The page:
There probably is no better single skill to prepare middle school and high school students for academic success in college, as well as professional success in life, than debate.  Studying debate develops and accelerates myriad skills in students, such as critical thinking, research, oral and written communication, public speaking and team work.  And if done well, it also tends to develop intellectual curisosity and a love of learning in the student.

In Team Policy Debate, teams of two debate against each other on topics of United States federal government policy.  Students study a designated area of U.S. federal government policy during the entire academic year.  For example, during the 2019-2020 academic year, students will be studying our nation's banking, finance and monetary policies.  (Past policy areas of study have included foreign aid, transportation, agriculture, tax, etc.)  Team Policy Debate is an excellent academic exericise as it requires students to study, in depth, current U.S. government policies that are highly relevant and important.  How many high school students have an opportunity to deeply study the history, purpose, mechanisms and performance of the Federal Reserve?  Students in Lux Debate Club this year will do that and more.

Debate has a long and noble history in Western Civilization, going all the way back to ancient Greece.  One of the core values of traditional Western Civilization is that ideas matter, and the best ideas should have preeminence in civilization.  But, as anyone with a good idea knows, it takes much more than coming up with a good idea to see that good idea have fruition and make an impact on the world.  The idea must be communicated to others.  Audiences must be persuaded of the goodness and value of the idea.  Teams must be motivated to act upon the idea to make the world a better place.  And, as anyone who has tried to implement a good idea can verify, opposition to a new idea - even a very good one - invariably arises!  Thus, the one who would bring a good idea to fruition in society must be able to put forth a sound and convincing argument as to why his or her idea should be embraced, despite the opposition.

In Parliamentary Debate, teams of two debate against each other on real or hypothetical current world events.  The particular topic of debate is not announced until only 20 minutes before each debate round.  Thus, Parliamentary Debate tests students ability to quickly research relevant information and exhibit strong debate skills without much advance preparation on the topic. Parliamentary Debate is limited to students who are 16 years or older as of the beginning of the academic year.  (Special exceptions can be made upon the advisment of a students' parents.)  Parliamentary Debate is an advanced form of high school debate that provides an opportunity for advanced high school debaters to hone their skills.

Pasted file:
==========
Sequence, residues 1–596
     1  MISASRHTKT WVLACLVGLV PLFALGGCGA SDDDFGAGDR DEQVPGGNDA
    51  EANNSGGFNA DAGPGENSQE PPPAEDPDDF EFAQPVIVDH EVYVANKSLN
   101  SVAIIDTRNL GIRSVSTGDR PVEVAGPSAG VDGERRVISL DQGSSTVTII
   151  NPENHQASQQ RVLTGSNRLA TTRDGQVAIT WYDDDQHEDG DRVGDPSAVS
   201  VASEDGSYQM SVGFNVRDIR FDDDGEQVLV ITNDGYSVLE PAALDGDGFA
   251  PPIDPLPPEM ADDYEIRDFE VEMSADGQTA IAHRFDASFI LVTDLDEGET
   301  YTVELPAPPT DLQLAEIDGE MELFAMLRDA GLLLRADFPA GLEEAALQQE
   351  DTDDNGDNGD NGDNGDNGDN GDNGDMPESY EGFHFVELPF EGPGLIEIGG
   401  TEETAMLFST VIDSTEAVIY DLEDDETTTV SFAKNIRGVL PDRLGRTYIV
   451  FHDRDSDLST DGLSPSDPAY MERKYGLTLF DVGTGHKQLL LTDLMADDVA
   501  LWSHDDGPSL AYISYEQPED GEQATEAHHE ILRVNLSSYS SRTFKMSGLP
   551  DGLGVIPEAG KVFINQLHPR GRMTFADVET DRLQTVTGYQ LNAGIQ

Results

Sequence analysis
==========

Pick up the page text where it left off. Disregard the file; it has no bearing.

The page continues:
Factual evidence demonstrates that middle school and high school students who participate in debate have higher rates of graduation, higher rates of college attendance, higher grades in college, and greater career success.  But life is more than diplomas and dollars. Learning debate enhances life skills and will provide life-long benefits and rewards to the student.

In Lincoln Douglas Debate, individual debaters compete against each other, one-on-one, on a designated topic for the entire academic year.  Lincoln Douglas Debate is significantly different from Team Policy Debate and Parliamentary Debate, in that Lincoln Douglas is a debate about values.  Whereas Team Policy Debate is about whether or not a particular policy should be implemented, eliminated or changed by the U.S. federal government; and Parliamentary Debate is about whether or not a specific action should be taken by a government or some other authoritative organization; Lincoln Douglas Debate is about which value should have preeminence, when two values are in conflict, espcially in a situation imposing a moral or ethical dilemma.  For example, during the 2019-2020 academic year, students will be studying and debating about the competing values of cultural assimilation vs. multiculturalism.  The prior year's topic was the tension between law enforcement agencies' need to obtain information in a criminal investigation and citizens' Constitutional right to privacy, especially related to the Fourth Amendment to the Constiution.  Lincoln Douglas Values Debate helps students develop complex and nuanced thinking skills, as it requires students to consider a complex topic, with competing values, from different perspectives.

Many people have a great fear of public speaking.  And probably all of us - even the best and most experienced public speakers - still feel some nervousness and an adrenaline rush when we stand up to speak in front of a large crowd.  But those who are able to overcome their fears and master the art of public speaking will enjoy many advantages and rewards in life.

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